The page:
Mack Brown leaves mixed legacy

Stefan Scrafield

It didn’t take long for people to start fawning over former head coach Mack Brown.

Mere hours after Brown announced he was stepping down in December, social media exploded with colleagues, former players, media members and fans singing Mr. Football’s praises.

“As class acts go, Mack Brown belongs on the front row of the team photo,” ESPN’s Gene Wojciechowski tweeted. “In time, even his critics will appreciate how good of a coach he is.”

“Words won’t do justice for what coach Brown was to UT and its program,” former Texas defensive tackle Frank Okam said. “His legacy won’t be measured in wins but the lives he touched.”

Okam’s comments are a reflection of the trend that followed Brown’s resignation. Everybody wanted to talk about the coach’s impact off the field — and rightfully so. The Tennessee native led the Texas football program just how one would expect a southern gentleman to do so — with class. In his 16 years at Texas, the football program rarely ever had to deal with controversy, and, when it did, Brown always knew what to say.

But head football coaches don’t get paid for the impact they make off the field, they get paid based on the success their team has on it. And Brown, who for a portion of his tenure at Texas was the highest paid coach in the country, often failed to live up to the high expectations that come with such a title.

Brown led Texas to two national title games, winning one of the school’s four crystal balls in the process. But aside from that, his resume was less than stellar.

Other than the two years in which he led his bunch to Pasadena for the national championship game, Brown has no championships to speak of. Those title years brought Texas its only two conference crowns of Brown’s tenure.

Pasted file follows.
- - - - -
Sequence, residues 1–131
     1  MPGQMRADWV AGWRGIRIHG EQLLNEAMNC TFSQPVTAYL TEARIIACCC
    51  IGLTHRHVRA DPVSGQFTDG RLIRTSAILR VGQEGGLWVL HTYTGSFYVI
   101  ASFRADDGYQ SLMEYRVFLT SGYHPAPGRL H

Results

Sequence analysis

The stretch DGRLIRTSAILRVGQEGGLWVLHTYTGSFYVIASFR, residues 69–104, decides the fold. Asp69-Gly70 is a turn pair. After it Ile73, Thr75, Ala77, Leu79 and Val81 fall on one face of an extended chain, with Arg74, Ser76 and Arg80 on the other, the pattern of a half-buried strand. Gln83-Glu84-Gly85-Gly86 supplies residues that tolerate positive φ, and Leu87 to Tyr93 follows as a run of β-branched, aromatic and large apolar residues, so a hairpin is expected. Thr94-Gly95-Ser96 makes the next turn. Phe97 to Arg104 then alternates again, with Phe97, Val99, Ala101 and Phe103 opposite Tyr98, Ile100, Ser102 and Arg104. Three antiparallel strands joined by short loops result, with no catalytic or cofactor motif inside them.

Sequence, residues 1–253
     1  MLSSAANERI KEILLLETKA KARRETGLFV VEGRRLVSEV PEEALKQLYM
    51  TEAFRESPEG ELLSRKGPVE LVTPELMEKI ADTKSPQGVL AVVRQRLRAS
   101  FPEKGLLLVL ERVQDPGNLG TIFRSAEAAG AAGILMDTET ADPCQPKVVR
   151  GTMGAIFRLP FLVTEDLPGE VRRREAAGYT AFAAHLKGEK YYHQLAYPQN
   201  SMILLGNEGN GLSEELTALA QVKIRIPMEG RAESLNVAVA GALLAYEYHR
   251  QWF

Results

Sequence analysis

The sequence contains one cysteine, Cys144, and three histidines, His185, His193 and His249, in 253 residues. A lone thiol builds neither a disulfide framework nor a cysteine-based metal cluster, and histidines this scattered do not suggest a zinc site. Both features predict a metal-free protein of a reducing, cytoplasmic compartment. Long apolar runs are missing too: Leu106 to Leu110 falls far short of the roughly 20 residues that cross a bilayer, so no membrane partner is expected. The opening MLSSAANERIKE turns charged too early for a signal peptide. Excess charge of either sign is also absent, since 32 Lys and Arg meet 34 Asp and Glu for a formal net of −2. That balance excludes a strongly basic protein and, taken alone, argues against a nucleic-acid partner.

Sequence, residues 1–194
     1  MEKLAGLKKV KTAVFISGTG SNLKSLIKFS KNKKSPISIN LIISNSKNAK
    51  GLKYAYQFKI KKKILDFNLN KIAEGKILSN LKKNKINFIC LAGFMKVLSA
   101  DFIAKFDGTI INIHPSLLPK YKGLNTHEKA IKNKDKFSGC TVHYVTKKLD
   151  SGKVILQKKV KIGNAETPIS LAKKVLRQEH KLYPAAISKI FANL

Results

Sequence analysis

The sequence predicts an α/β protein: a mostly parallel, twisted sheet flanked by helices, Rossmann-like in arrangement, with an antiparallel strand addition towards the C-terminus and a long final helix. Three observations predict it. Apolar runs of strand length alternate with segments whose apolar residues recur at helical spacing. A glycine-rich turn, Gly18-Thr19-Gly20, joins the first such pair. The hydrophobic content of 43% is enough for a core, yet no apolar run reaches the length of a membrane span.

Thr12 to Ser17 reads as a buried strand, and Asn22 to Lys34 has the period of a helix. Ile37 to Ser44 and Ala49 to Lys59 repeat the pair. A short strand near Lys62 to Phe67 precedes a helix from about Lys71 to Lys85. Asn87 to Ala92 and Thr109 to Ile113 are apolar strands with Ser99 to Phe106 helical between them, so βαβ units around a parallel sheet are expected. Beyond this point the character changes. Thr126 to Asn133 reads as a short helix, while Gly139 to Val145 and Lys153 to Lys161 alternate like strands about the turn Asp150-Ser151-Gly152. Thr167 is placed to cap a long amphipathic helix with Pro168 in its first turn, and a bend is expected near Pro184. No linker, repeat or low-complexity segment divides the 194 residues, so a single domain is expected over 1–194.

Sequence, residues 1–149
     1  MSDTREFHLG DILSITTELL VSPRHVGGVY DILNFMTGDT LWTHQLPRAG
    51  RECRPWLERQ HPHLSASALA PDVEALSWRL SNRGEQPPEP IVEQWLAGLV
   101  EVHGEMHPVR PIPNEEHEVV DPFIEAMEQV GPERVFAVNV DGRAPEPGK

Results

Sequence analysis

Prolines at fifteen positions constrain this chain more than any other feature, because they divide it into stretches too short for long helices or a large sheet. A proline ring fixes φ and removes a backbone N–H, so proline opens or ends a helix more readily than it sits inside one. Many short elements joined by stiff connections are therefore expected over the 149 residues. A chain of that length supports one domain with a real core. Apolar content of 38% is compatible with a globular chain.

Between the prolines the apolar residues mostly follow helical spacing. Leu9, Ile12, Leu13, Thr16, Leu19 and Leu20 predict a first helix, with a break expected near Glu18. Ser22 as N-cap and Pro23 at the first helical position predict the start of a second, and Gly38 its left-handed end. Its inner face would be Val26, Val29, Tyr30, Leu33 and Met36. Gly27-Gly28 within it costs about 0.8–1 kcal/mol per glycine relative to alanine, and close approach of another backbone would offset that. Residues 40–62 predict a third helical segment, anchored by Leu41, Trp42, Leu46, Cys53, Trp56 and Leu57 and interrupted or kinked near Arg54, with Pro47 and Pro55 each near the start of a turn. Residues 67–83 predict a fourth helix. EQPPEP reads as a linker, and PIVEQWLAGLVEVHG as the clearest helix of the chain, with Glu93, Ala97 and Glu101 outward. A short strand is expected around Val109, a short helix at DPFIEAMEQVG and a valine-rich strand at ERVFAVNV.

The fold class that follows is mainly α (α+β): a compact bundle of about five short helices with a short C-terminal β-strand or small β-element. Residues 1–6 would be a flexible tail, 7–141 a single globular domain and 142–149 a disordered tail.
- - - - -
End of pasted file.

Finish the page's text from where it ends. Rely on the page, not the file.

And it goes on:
Oklahoma head coach Bob Stoops, who arrived in Norman a year after Brown came to Austin, has led the Sooners to eight Big 12 Championships. Kansas State’s Bill Snyder has won the conference title twice, equal to Brown’s total, but for far less money and with much less talent.

While Brown’s overall record at Texas is padded with blowout victories over weak non-conference opponents and perennial Big 12 cellar dwellers, his record in big games was not so impressive. Coach February — as rival fans call him because of the stellar recruiting classes he would sign to Texas every February — had 34 wins and 31 losses against ranked opponents over the course of his tenure, including a 2-2 record in conference championship games and a mere seven wins in 16 attempts against Oklahoma in the annual Red River Rivalry game.

Brown, the personality, will always be remembered as a nice guy who did things the right way. But Brown, the football coach, leaves behind a legacy comprised of equal parts success, frustration and disappointment.